““Biotechnology is neither good nor bad, nor is it neutral,” he quoted one day, stirring his coffee delicately with one leg of his spectacles in a way that would have horrified Daisy’s mother. “That means that it’s not enough to just come up with a miracle. You have to consider how it will be applied. What good is all this,” he said, indicating the door to the lab behind them, “if it only benefits those who can afford it?” None of Daisy’s training had encouraged her to think this way. Those questions were for philosophers, not pure scientists like her. “My wife is an illustrator,” Saladin said. Daisy tried to keep her face neutral, unbothered. “It’s just as important as what we do—no. That’s not right. It’s not a competition. These things, they don’t work without each other. The precision, the focus, the testing—we can’t do that and think about the implications at the same time. That’s why we need artists. People who think in entirely opposite ways, working together. That’s how we move forward as a species.””

“The thing about art is that it insulates you from consequences,” said Margo, scooping garlic mayonnaise out of a tub and slopping it onto the bread. “As a therapist, I always think of art as a way of rehearsing trauma, making the unutterable random injustice of life legible, or at least bearably illegible.”

Protests, when they happen at all, those can be understood. The world doesn’t change when a bunch of people march from A to B, although it’s always good to get out in the fresh air. Art gets to be something else. It gets to be a provocation. To find the fulcrum of culture and exert pressure.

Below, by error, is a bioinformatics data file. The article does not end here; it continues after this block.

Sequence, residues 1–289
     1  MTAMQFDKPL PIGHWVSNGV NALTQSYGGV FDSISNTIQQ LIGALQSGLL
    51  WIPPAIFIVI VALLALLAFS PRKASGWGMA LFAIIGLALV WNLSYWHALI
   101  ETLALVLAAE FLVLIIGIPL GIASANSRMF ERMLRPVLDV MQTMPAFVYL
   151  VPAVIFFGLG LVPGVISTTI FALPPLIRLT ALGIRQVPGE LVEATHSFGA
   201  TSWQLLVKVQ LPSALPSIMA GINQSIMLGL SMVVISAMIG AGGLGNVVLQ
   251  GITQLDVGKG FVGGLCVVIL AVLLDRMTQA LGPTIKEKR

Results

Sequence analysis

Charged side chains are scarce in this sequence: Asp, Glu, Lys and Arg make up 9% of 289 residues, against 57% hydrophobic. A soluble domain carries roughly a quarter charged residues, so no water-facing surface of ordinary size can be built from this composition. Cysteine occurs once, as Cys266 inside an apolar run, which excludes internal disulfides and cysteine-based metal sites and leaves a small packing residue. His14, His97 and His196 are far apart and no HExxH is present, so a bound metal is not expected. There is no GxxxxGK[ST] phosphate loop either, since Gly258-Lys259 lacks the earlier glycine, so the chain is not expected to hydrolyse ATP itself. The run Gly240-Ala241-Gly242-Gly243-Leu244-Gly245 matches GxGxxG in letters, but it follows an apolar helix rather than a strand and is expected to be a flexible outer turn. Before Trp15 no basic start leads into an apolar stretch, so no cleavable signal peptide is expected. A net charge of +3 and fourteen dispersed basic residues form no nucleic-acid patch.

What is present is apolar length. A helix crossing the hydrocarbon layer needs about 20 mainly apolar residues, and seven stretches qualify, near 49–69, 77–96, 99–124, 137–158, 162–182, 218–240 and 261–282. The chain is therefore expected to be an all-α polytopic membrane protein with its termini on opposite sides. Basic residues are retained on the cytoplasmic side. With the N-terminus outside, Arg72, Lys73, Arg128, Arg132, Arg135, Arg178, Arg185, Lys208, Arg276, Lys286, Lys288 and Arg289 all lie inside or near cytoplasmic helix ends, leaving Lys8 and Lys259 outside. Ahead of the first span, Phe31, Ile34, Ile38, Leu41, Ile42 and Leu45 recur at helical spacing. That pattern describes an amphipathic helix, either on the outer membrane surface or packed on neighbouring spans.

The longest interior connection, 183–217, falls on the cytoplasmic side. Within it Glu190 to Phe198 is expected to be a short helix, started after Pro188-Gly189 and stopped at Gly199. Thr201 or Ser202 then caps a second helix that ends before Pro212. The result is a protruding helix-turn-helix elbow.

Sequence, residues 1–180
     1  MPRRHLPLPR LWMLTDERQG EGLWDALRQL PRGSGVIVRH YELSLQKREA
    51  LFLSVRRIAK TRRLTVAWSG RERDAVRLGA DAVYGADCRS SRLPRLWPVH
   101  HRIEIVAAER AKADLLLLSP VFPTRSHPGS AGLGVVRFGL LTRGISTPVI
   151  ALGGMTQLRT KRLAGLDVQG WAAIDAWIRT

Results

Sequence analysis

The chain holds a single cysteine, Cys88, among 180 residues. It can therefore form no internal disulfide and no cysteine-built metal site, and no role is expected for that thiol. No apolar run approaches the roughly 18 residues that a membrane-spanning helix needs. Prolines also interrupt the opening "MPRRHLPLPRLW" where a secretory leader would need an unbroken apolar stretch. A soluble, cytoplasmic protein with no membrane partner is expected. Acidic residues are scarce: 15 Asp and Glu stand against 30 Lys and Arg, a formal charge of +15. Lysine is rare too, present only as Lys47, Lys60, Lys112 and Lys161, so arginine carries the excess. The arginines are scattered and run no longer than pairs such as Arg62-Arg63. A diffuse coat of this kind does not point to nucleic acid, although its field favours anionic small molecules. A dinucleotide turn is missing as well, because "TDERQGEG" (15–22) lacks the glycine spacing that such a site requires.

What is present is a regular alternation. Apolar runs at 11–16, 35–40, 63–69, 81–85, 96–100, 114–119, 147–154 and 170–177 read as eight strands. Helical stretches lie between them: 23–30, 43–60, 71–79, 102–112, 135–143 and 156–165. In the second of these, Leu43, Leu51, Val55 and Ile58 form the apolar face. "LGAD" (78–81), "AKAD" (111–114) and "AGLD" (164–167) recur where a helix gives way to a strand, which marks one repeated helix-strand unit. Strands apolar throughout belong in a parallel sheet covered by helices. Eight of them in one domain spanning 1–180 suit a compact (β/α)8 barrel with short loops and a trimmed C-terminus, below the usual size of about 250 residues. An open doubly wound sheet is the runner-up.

“This is an old story. For generations, undercover agents in “democracies” have been encouraged to start sexual relationships with women activists. Some of these relationships lasted for years, leading to marriage and even children. The practice was widely condemned, but never forbidden—officers in the early twenty-first century claimed these “relationships” were necessary for agents to maintain their cover. Interviews with the agents spin these stories as tragic doomed romances. The women involved describe the experiences as a violation. We believe them. We believe the women duped into bed by these agents were subject to the same kind of violation. It is impossible to obtain informed consent from a person you are planning to betray—even for the best of reasons. This logic extends to the consent of the governed.”

“What did we ever want? More time. Of course, we never needed chemical intervention for that. We just need permission to live. Most of us never get to simply pass time. Instead, we’re made to spend it. We spend time, and the value of our seconds and minutes and moments depreciates with every week and month and year that passes. Time broken into billable units, and never enough of them”

The aging woman is a special object of horror in this gerontocracy.

“If one puts aside for a second the question of strict political morality with the understanding that it is dangerous to do so for more than a second one soon realizes that the Time Bomb is as much a paradigm shift in human violence as the machine gun, the tank or the atom bomb. Few lives are lost in its detonation, except at the center of the blast zone; strictly speaking, no injuries are caused. It is a weapon at once entirely humane and utterly monstrous. The potential military applications are enormous. The potential social applications are unthinkable.”

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  • Last modified: 2019-01-18 16:15
  • by nik